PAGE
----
Most people assume their survival backpack should have all the stuff you take camping. Comfort gear, comfort food, or even the normal food you eat (or should eat.) Camping conjures up thoughts of fun… but also heavy stuff you can’t possibly carry on your back. Stuff like fresh fruits and vegetables.
So the backpack you see here? It’s HUGE! This is NOT a survival backpack. Don’t even think of packing a survival go bag like this. Why is this?
Survival could mean walking, (or running to escape), for miles carrying a pack. Survival means you’ll either kill your back or you’ll give up and throw away stuff you really need. Survival is NOT camping.
So I’d suggest you chuck those cans of spam and baked beans out of your pack right now.
When it comes to survival food, you’ve got to get the most calories (and nutrition) per ounce. Unless you’re a stronger athlete, don’t even plan on carrying a stove.
You want ready-to-eat food. The kind that doesn’t require any cooking. This is the first (if not only) food you should pack in your go bag. For most people, this means candy bars and beef jerky. Or at least that’s what I used to carry.
Fifteen years ago I woke up feeling like someone cut off my foot with a chainsaw. The doctor laid the horrible truth on me: I have gout.
Everyone else enjoys their salty steak and beer without punishment. And these are the fun camping foods, in my opinion.
But my body turns these foods into a mountain of acid I can’t pee out. Which gives me overly sweaty/smelly armpits, bad breath, muscle aches, tiredness, high blood pressure and heart palpitations… just to name a few things.
Now I love to camp and hike. So this totally changed what I put in my backpack.
I’ve tried most of the “healthy” diets: keto, paleo, Mediterranean, Super Shred, raw, vegan, organic, plant based – you name it – I’ve probably tried it.
But you know what’s helped me the most? A combo of the alkaline and anti-inflammatory diets.
Your body will even cannibalize your precious minerals and electrolytes to bring balance to the force.
But the sacrificed minerals and electrolytes are the very things that keep your heart and blood pressure working right. And keep the toxins from building up to smelly levels.
And if you have gout? Your body hoards sodium like a deranged prepper. Minerals and electrolytes are the only healthy way to get all this excess sodium out.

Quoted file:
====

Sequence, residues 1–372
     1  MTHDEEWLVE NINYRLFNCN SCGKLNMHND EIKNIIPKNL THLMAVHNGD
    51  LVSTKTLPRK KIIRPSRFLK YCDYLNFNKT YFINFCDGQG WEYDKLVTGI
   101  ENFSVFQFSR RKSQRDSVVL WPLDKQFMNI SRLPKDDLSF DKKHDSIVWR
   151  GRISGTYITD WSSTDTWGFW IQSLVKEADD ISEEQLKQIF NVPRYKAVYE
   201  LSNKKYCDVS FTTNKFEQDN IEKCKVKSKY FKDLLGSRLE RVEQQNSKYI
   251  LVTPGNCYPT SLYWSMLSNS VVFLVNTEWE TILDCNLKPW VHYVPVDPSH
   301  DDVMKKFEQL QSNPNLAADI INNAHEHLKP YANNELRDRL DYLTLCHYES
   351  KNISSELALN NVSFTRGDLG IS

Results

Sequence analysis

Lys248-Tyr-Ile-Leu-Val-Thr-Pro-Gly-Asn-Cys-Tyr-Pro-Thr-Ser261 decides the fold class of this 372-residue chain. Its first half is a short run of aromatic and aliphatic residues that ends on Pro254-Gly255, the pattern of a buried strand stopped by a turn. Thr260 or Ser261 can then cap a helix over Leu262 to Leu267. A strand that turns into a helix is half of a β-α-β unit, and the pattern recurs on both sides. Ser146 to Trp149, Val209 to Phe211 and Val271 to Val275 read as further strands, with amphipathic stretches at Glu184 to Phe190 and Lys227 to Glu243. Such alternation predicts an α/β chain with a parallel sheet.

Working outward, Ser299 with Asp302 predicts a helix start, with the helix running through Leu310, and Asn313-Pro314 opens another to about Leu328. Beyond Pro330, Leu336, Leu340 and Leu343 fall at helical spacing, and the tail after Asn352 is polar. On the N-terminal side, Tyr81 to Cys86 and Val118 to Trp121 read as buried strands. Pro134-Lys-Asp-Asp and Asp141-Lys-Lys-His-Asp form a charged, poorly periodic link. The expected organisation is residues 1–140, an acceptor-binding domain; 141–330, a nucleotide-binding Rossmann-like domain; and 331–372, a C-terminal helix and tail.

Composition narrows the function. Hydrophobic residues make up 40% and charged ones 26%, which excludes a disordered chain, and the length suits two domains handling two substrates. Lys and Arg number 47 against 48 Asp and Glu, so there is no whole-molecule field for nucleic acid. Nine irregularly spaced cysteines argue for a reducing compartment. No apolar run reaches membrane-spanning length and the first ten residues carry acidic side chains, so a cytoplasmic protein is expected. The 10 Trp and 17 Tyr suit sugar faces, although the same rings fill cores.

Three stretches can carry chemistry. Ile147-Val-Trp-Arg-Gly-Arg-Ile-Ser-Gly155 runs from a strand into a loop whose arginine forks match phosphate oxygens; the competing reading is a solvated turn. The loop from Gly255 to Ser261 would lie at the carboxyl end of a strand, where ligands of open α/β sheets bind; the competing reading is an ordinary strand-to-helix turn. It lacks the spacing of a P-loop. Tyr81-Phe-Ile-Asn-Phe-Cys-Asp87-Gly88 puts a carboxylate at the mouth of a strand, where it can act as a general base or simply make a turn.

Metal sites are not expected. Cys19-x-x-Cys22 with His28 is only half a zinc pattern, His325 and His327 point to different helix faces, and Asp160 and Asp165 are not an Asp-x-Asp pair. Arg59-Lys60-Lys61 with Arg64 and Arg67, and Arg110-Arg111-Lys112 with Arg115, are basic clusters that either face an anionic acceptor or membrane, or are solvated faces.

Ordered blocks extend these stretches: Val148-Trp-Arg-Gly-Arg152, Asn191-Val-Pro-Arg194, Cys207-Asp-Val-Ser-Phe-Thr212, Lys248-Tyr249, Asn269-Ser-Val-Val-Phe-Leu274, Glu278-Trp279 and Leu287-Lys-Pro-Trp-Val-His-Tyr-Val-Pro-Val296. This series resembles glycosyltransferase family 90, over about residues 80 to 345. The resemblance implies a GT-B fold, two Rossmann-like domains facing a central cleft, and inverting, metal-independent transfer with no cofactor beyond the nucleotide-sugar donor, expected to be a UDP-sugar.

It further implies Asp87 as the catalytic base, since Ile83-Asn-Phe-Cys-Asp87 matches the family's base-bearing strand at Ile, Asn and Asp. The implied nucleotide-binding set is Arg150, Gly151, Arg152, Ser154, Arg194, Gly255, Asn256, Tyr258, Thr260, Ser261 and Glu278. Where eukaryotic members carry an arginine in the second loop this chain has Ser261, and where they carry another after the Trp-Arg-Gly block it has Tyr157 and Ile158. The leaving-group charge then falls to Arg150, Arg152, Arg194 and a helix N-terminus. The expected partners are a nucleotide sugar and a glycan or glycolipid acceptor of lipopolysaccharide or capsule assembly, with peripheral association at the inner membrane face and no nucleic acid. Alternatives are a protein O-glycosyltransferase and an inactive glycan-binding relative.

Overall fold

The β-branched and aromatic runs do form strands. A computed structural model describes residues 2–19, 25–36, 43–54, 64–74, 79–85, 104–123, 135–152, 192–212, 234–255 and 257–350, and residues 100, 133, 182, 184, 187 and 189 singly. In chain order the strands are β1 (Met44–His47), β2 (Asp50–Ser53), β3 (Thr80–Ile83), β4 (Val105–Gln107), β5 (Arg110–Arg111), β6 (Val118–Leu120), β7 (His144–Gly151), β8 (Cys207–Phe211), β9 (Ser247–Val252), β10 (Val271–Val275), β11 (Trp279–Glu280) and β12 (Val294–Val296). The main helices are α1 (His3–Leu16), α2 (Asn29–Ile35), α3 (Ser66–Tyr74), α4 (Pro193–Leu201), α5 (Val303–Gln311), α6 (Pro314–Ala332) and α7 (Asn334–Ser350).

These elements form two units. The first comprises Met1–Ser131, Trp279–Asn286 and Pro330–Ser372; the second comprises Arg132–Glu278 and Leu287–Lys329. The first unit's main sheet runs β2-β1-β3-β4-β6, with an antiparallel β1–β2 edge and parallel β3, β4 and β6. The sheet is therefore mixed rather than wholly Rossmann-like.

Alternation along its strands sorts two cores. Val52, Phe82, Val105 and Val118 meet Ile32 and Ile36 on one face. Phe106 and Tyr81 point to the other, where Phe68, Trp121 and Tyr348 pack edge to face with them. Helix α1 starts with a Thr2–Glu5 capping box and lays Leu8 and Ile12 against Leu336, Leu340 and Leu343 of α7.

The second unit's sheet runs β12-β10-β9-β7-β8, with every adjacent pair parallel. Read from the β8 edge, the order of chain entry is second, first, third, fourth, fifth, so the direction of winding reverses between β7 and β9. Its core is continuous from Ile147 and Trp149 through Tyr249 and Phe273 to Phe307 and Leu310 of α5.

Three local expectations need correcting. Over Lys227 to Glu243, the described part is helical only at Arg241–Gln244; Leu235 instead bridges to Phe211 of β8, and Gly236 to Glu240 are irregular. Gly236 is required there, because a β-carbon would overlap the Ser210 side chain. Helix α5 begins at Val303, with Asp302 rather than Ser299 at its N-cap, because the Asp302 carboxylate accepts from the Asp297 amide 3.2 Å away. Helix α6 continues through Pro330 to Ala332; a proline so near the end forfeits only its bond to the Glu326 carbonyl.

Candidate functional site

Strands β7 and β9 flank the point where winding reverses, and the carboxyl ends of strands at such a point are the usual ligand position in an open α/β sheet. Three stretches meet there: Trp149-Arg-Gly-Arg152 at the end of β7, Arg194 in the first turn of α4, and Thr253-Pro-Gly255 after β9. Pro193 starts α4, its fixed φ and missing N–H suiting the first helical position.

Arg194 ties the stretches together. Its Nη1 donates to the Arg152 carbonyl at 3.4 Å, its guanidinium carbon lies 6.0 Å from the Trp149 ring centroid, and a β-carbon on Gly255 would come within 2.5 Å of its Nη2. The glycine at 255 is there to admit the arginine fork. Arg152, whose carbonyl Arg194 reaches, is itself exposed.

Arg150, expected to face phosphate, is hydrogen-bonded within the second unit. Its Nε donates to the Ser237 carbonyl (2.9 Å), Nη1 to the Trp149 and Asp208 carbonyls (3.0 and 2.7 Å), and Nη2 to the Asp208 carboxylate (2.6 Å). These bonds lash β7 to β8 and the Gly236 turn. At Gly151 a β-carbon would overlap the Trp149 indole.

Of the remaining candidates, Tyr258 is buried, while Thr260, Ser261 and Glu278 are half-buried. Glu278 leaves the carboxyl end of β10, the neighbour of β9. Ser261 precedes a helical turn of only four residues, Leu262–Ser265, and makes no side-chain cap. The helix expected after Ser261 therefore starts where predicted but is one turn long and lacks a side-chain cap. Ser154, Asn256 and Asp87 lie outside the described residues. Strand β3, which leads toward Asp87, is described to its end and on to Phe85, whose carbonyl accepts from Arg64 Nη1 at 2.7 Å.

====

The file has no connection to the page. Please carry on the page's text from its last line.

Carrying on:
Here’s how I know a bit about this.
I once did a lot of distance running. I knew from experience that Gatorade wasn’t any healthier than Coca Cola or Red Bull. But I was completely ignorant about how much of my electrolytes I needed to replace.
I woke up in an emergency room just in time to see a medical team running to resurrect me with a defibrillator. The doc said I had almost zero potassium in my system.
Sadly, some survival experts have died from cancer and heart disease. Both of which are linked to mineral debt.
Some years after my emergency room incident, I developed a constant heart fibrillation. Dr. Carolyn Dean says this could be because of a severe magnesium deficiency.
Even though the standard magnesium tests will show you’re normal. (There are only a handful of labs in the US that bother to find your real magnesium levels.)
Dean also says current farming methods are depleting more natural foods of magnesium and making us more dependent on supplements.
And I’ve learned from experience (…let’s just say I’ve tried a lot of different kinds…) that her advice about magnesium supplements is true: the only ones that actually help you (and don’t cause diarrhea) are the liquid kind with picometer sized particles that mimic those in natural food.
My cardiologist had a good laugh at this.
But my experience seems to prove Dr. Dean is right: magnesium can help stabilize your heart rate.
I sleep in a smart bed that measures and trends my heartbeat stability. Over the months, I see a direct correlation with my magnesium supplement and a more stable heartbeat.
Another expert, Suzy Cohen R. Ph, says my heart med may be stripping me of the magnesium I’m taking in. Although my cardiologist admitted the heart med has failed to help me, I’m still taking the med on her advice. At least while I do more research. They say it’s a black box med that can have life-ending consequences if you stop taking it without doctor supervision.
There’s another vital electrolyte: calcium. For years, countless experts have been telling us the standard American diet is pouring truckloads of acid into your body.
Many studies later, it’s common knowledge that calcium is one of the electrolytes your body is sacrificing, just to counteract all this acid and keep you alive. Ever heard of osteoporosis?
And the standard American response? Eat more pills. Pour more calcium supplements into your food. Next time you’re at the store, look for food labels that brag about their fortified calcium.
Problem is, doctors say the wrong kind of calcium or an unnatural ratio of calcium to magnesium can send your body into fits of inflammation. In my case, this means unimaginable pain.
And after years of loading my body with acid… any kind of stress, lack of sleep, unhealthy food or dehydration can send me into gout agony.
It’s my hope all of this can help you be more aware and avoid my suffering.
From what you’ve learned about me so far, you probably see why I love Lara bars. Just several plain, simple, healthy, gluten-free ingredients. I’ve found they change flavor a bit after a couple years in my backpack, but they’re still edible, for sure.
This recipe has at least 570 calories and 8 grams of protein.
If you’re making this at home with all the conveniences, go ahead and drop the ingredients into a food processor along with 1 tablespoon of fresh lime juice, the zest of one lime and an optional packet of stevia.
And hey, if my story, the go bag food ideas or the recipe helps you, please share and comment below.